In the United States most doctors recommend patients arrive at the hospital when they are in active labor.  In other words, their contractions are at least a minute long, occurring every 5 minutes apart, and that this has been happening for at least an hour.  Otherwise known as the 5-1-1 labor rule (some doctors even recommend you go to the hospital when contractions are occurring faster than this at every 4 minutes apart or 4-1-1). One study that shows the reason for this showed that if individuals were sent home during early labor this “has the potential to reduce the number of women receiving oxytocin for augmentation, the rate of epidural analgesia for pain relief, and the duration of the active and second stages of labor, and to improve women's evaluations of their labor and birth experiences”.

Myth #3: Individuals in labor have a lot of energy

Webp.net-resizeimage.jpg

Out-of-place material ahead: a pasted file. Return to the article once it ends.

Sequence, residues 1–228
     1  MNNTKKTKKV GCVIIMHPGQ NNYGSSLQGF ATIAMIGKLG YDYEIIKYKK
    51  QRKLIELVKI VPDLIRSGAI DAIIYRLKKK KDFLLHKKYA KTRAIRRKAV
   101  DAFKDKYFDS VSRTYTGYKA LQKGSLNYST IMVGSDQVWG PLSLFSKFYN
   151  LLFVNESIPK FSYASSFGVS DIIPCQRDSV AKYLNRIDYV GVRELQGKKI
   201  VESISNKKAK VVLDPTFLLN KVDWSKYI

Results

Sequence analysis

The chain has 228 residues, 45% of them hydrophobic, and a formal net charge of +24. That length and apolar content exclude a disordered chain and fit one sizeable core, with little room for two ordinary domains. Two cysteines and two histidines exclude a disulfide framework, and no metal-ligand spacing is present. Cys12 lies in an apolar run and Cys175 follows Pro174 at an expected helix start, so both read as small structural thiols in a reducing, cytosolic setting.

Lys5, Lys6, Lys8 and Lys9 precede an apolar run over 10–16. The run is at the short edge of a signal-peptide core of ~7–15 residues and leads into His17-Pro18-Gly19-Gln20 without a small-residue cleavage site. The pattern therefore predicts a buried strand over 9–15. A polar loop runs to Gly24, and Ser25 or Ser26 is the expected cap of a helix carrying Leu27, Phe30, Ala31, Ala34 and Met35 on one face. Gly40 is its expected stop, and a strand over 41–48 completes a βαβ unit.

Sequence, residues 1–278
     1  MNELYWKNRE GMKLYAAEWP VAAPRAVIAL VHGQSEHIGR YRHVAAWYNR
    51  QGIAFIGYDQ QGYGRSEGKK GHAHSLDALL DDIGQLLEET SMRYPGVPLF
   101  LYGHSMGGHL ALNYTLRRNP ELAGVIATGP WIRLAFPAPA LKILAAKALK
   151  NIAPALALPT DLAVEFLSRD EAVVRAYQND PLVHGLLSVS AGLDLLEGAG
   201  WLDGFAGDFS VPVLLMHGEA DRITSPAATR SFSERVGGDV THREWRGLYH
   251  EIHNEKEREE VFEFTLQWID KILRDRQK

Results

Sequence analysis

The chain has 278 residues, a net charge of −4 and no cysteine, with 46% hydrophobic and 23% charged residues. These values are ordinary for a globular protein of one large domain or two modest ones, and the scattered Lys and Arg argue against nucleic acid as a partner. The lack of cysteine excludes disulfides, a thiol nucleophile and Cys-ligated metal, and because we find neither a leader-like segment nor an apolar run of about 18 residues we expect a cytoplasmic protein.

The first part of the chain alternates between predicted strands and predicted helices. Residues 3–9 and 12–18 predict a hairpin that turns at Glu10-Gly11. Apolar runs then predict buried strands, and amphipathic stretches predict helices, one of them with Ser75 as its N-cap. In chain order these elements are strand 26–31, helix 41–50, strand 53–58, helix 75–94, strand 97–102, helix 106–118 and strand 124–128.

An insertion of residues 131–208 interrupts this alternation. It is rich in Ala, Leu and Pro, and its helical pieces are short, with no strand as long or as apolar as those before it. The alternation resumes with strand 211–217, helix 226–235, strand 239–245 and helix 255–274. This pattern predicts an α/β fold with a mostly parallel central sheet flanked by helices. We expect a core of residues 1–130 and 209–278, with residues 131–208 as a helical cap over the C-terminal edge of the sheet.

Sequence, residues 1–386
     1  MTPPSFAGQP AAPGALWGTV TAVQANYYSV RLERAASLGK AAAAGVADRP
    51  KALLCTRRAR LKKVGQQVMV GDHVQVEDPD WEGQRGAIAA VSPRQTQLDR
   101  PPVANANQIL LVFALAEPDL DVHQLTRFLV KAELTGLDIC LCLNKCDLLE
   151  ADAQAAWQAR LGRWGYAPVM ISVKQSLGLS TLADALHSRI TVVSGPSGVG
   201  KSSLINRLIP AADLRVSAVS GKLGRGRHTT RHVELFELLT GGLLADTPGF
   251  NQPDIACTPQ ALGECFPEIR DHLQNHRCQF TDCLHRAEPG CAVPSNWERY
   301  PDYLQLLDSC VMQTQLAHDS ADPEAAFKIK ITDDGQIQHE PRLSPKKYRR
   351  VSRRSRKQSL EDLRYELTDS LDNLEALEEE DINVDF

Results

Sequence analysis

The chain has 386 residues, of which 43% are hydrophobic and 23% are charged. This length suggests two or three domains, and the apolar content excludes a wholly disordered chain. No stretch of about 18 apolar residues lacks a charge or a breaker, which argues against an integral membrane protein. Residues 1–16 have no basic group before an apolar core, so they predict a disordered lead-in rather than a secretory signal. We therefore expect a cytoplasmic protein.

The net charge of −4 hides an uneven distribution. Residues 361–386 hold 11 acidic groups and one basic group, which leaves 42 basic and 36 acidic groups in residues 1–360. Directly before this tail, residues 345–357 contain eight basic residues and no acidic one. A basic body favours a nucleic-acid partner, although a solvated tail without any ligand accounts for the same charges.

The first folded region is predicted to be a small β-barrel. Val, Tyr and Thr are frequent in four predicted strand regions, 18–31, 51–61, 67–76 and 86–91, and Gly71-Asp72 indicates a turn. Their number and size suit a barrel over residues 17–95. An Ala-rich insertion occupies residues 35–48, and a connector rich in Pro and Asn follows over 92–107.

If an individual does go to the hospital at the best time, following this 5-1-1 rule, they will be in active labor.  Once in active labor, contractions tend to be fairly intense, making it difficult to focus.  In Hollywood, upon arriving at the hospital many characters do not seem to be experiencing many (or any) signs of labor.  They still have the energy to make jokes, like Becky in Full House who comments “Jess, why don’t you just stick a sign on my back that says Wide Load” when they arrive in season 5 episode 10.  Later while still in labor at the hospital, Danny Tanner video records himself interviewing Becky.  In addition to having energy to have conversations and make jokes, Hollywood births often have scenes of people in birth being extremely aggressive and angry.  In Lethal Weapon 4 this aggression takes form of Lorna grabbing another patient’s IV pole, forcing the patient to follow wherever she goes.  In “Baby Mama” Angie’s aggression is shown after she screams “It feels like I’m shitting a knife!” and then yelling at cops and destroying hospital equipment from her wheelchair on her way to the hospital room.